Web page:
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Chapter 5 Blog:  Membrane Structure, Synthesis, and Transport (Peter)

Page history last edited by Peter Falk 13 years, 9 months ago


A.  Daily Blog


     Today we began discussing membranes. We focused mainly on the plasma membrane of cells, which is a phospholipid bilayer. Although this may seem obvious, the chief function of the plasma membrane is to keep the important cell stuffs inside and the stuff the cell doesn't want outside of the cell, out side of the cell. The cell membrane is dynamic and changes in response to environmental changes in order to maintain its ideal fluidity. The plasma membrane is built up through exocytosis, as phospholipids are transported from to the smooth ER then to the Golgi and *boom* the vesicle is combined into the plasma membrane via exocytosis. It is broken down through the process of endocytosis. In addition, we reviewed transmembrane proteins which fall under the category of co-translational proteins.



     Todays lecture focused on Membrane structure, concentration gradients, and the laws of thermodynamics. Lecture began with an introduction to the laws of thermodynamics, and the first two laws are: 1. Energy cannot be created or destroyed; it is just transformed from one from to another. 2. Disorder in the universe is constantly increasing (Entropy). This was then parlayed into a discussion about concentration gradients, which create more order in the cell. Concentration gradients are also very unstable, and have a high amount of potential energy, akin to a rubber band stretched backwards ready to fire. We also discussed the different types of transporters, and those are Uniporter (Single molecule or ion), Symporter (2 or more ions transported in the same direction), and Antiporter (2 or molecules transported in opposite directions).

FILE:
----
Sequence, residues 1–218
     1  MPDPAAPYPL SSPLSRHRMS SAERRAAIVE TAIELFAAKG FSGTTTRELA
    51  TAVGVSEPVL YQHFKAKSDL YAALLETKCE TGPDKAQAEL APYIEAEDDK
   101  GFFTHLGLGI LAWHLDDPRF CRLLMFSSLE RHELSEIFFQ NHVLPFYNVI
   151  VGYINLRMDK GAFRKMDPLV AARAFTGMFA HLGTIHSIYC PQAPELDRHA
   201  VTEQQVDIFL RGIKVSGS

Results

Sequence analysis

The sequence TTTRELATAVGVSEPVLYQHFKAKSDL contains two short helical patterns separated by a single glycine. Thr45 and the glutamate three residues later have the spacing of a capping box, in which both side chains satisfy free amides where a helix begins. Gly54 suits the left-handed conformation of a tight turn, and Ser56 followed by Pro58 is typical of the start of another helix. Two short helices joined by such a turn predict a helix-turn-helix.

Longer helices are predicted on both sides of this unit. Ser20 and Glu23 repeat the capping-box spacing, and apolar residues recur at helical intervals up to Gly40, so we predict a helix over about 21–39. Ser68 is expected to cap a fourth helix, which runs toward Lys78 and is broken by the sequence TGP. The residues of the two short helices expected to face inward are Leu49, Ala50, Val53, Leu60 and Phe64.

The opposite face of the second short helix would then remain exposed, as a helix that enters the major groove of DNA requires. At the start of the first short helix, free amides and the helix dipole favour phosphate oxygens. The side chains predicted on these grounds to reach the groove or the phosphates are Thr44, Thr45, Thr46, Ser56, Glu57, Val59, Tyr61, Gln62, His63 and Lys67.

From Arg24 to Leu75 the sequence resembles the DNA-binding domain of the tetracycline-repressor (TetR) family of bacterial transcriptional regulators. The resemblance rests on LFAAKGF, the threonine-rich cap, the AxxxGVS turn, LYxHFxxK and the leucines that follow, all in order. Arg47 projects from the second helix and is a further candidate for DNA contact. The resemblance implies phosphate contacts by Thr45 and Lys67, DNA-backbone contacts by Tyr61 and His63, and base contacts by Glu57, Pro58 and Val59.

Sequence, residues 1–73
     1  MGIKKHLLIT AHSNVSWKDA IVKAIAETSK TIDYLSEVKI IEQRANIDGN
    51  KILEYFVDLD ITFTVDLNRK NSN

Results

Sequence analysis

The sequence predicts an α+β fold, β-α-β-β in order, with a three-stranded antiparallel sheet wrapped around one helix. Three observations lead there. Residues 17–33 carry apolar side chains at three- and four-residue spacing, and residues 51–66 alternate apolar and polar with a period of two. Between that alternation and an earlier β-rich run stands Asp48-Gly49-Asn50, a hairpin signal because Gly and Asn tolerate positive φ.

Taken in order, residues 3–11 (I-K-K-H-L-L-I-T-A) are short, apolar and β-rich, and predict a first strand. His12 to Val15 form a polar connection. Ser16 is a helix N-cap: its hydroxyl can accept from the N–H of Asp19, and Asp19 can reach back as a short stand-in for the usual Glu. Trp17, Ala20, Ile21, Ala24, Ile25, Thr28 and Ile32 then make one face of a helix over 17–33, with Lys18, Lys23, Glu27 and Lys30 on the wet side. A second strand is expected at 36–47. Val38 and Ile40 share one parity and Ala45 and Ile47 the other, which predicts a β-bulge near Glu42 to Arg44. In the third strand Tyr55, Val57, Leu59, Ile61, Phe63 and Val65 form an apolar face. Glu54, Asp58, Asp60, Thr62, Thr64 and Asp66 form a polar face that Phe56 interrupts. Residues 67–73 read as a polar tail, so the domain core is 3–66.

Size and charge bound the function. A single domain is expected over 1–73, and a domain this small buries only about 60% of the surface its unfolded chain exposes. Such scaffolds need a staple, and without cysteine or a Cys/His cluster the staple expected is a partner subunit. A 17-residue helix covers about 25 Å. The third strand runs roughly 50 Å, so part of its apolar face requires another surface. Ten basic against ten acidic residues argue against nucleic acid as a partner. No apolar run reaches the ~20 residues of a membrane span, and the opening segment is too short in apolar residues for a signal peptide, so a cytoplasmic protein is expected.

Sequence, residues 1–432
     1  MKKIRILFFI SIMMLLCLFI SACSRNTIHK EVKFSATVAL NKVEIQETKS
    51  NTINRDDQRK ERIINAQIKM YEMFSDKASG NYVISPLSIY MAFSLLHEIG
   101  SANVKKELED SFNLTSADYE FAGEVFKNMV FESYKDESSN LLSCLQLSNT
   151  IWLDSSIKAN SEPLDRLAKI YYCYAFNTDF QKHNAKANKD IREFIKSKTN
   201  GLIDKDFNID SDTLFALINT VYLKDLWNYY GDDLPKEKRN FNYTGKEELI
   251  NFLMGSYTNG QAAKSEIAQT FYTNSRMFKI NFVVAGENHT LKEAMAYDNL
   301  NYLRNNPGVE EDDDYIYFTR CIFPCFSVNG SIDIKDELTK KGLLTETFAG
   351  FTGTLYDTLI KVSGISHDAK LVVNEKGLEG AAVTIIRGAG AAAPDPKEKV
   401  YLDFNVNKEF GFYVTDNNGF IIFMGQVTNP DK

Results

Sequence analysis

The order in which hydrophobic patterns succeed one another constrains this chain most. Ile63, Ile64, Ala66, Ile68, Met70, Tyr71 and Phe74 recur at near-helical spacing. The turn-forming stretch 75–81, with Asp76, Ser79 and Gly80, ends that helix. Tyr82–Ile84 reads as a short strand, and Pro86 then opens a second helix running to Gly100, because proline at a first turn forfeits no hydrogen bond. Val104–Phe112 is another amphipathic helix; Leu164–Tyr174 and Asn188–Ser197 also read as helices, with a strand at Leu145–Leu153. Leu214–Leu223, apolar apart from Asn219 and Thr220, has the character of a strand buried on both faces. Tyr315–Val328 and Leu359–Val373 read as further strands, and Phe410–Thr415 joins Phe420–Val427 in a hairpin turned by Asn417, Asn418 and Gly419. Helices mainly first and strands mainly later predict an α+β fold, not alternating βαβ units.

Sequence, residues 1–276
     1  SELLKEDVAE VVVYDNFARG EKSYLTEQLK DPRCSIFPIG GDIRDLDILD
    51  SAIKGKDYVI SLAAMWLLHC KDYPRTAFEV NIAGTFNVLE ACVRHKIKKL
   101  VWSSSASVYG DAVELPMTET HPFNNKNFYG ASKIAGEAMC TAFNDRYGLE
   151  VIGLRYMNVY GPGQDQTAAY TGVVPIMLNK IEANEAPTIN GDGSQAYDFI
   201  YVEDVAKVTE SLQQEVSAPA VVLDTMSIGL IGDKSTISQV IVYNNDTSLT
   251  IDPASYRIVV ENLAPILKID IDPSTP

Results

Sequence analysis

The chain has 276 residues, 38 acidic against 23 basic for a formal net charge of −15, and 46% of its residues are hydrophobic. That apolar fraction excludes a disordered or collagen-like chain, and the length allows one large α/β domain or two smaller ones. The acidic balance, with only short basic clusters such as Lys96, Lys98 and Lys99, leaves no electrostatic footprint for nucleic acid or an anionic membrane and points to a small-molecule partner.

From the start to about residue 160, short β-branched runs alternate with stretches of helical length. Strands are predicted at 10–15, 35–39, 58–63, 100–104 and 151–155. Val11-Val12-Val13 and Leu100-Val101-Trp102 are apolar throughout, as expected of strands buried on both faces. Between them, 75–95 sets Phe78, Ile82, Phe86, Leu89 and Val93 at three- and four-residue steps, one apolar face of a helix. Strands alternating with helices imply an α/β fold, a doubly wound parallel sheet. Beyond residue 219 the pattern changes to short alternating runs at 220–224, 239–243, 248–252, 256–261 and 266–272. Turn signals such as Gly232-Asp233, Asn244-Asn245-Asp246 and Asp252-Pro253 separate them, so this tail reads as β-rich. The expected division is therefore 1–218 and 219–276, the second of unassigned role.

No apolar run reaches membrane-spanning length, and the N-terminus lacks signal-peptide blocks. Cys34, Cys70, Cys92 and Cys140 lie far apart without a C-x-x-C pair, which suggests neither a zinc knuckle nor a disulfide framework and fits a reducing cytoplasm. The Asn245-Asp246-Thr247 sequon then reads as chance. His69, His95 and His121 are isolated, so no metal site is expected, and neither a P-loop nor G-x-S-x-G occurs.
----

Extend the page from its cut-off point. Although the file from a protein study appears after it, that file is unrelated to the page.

10/6/10- Today we just reviewed for the test on Friday.

B.  Useful Materials


  This image shows a basic description of facilitated diffusion, and illustrates the difference between carrier proteins and channel proteins. 
  This image shows the phospholipid, and comprehension of this is vital for understanding of the role of the phospholipid bilayer.  

Aquaporins: relevance to cerebrospinal fluid physiology and therapeutic potential in hydrocephalus.

During one of the lectures we discussed the Nobel-prize winning experiment that discovered Aquaporin, and the vital role it plays in the diffusion of water. This artticle discusses the how aquaporins influence the disease hydrocephalus, as well as its role in Cerebrospinal fluid. It summarizes the current knowledge about Aquaporin 1 and 4, and how they relate to hydrocephalus and brain water physiology.  






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